Saturday, July 31

March Madness Printable Bracket – Download here a free blank bracket from the 2021 NCAA tournament in PDF

The 2021 NCAA Tournament is finally here, and what fun is March Madness without a bracket?

Fortunately, you have come to the right place. Sporting News has every type of college basketball fan covered with our 2021 NCAA Tournament bracket in printable PDF format, complete with the full field of 68. Download it, print it, fill it out, trash it with your co-workers.

This year’s tournament schedule begins with the First Four on March 18. The Big Dance intensifies with the first and second rounds March 19-22 and concludes with the Final Four and national championship games April 3-5, all from Indiana.

In addition to the printable support below, you’ll also find tips and tools to help you complete it, including picks and reviews from SN’s expert writers.

2021 Printable NCAA Tournament Bracket


Download the printable NCAA tournament bracket from Sporting News (PDF) by clicking the image above. The bracket is blank for now, but will be updated shortly after the March Madness selection committee releases the 68-team field on Sunday, March 14.

PLUS: Download here the PDF file of the March Madness chart 2021

March Madness Bracket Tips from the Experts at SN

So you printed a bracket. Do you need a hand to fill it? The Sporting News staff of college basketball experts will complete their own hiatus on Selection Sunday, sharing the method with their madness. In the meantime, here is a list of tools you can use to win your office group.

Final SN field of 68 projections: Bill Bender of Sporting News predicts the entire March Madness group, including No. 1 seeds, top four and more.

An idiotic guide to completing your NCAA bracket: It may seem like obvious advice, but we’re here to remind you what not to do.

NET 101 classificationHere’s what you need to know about the metric the NCAA selection committee uses to pick the field of 68.

Play with the odds by choosing the Final Four, national champions: Don’t be cute. Your Final Four should include a lot of chalk.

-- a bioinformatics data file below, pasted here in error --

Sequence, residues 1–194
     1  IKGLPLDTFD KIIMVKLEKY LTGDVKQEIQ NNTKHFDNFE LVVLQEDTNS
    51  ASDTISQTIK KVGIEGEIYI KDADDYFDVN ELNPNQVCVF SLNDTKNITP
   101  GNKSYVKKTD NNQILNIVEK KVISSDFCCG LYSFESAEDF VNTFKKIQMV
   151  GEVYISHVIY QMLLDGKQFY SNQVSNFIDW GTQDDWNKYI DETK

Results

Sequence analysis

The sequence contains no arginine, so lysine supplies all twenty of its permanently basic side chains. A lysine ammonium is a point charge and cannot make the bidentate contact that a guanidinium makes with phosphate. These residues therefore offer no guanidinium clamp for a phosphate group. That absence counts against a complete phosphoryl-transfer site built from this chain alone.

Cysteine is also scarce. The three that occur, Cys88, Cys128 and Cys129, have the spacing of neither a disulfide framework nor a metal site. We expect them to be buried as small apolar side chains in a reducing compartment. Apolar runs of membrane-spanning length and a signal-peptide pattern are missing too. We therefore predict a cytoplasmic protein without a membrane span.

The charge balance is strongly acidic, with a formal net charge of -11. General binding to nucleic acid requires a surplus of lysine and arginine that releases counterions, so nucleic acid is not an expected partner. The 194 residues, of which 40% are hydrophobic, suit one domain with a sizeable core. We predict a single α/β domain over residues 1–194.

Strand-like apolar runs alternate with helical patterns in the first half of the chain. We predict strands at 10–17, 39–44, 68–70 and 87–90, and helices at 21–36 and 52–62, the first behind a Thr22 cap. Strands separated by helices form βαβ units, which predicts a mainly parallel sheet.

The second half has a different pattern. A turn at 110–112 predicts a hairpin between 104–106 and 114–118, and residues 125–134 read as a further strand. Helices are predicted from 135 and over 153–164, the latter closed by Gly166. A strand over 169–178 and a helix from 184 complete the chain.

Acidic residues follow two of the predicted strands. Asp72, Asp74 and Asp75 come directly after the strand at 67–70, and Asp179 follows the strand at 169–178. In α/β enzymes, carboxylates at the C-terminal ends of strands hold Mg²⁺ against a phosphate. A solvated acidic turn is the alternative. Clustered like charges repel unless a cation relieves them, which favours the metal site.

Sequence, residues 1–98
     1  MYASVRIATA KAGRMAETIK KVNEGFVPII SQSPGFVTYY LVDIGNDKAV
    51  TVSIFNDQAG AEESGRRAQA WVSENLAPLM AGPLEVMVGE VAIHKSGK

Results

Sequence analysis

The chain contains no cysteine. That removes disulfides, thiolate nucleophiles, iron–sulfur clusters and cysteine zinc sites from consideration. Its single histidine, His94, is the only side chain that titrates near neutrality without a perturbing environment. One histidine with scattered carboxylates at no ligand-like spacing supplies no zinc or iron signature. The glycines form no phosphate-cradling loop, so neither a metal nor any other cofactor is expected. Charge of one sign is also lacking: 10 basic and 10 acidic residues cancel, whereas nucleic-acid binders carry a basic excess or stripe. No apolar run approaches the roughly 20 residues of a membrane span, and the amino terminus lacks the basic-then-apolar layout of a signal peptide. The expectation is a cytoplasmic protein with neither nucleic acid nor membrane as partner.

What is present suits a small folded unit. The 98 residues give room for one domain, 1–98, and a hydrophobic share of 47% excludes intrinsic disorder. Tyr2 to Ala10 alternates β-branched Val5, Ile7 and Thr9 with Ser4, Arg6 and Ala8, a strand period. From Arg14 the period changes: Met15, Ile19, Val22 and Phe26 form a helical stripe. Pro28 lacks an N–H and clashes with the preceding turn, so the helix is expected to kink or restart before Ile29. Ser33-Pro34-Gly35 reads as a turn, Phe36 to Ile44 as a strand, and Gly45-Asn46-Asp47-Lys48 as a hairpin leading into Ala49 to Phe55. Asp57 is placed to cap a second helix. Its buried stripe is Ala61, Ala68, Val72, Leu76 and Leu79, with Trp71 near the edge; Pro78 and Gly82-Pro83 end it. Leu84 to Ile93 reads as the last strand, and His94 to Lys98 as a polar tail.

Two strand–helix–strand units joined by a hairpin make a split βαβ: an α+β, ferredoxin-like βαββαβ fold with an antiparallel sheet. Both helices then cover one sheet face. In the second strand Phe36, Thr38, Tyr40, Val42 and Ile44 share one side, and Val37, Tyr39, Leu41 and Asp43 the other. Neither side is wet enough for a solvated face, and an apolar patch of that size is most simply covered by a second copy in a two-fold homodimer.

March Madness 2021 Schedule

The 2021 NCAA Tournament begins March 18 with the first four inning games. Rounds 1 and 2 will take place March 19-22, followed by Sweet 16 (March 27-28) and Elite Eight (March 29-30) a week later. This year’s Final Four will take place April 3-5 in Indianapolis, the site of the entire tournament due to COVID-19 considerations.

Round dates
First four March 18th
Round 1 March 19-20
Round 2 March 21-22
Sweet 16 March 27-28
Elite eight March 29-30
The last four April 3
National Championship 5th of April

More news from the NCAA tournament from Sporting News

Sporting News’ 2020-21 College Basketball All-Americans: SN’s Mike DeCourcy names the top 15 players of the 2020-21 college basketball season.

Sports News Player of the Year: Luka Garza of Iowa became the first repeat award winner since … Michael Jordan.

Sports News Coach of the Year: Michigan’s Juwan Howard had to follow a legend, take over the program late, work through a pandemic, replace seniors at PG and C, and do all of that without coaching experience.

35 best teams that did not win the NCAA tournament: Sporting News picks teams from the last three decades that did not win a title. Which was the best?

March Madness Cinderella Players We Will Never ForgetStephen Curry is among the best Cinderella players in March Madness history, but he’s not number one on our list.

The most hated college basketball players of all time: Sporting News takes a look at the most hated college basketball players of all time. Don’t worry, there are plenty of Duke on this list.

10 Best Schools With No Final Four Appearance: Who are the best schools that have not reached a Final Four since the 64-team era began in 1984-85?

The best college players who never made it to the NCAA tournament: Say hello to Ben Simmons, Noah Vonleh, Nerlens Noel, Kentavious Caldwell-Pope, and others who watched March Madness on TV. It’s quite a list.

An oral history of Steph Curry’s breakup in 2008: In 2008, a little-known, baby-faced shooting guard from Davidson took full charge of the NCAA Tournament.

Deranged city: Reliving the Wildest Opening Venue in NCAA Tournament History.

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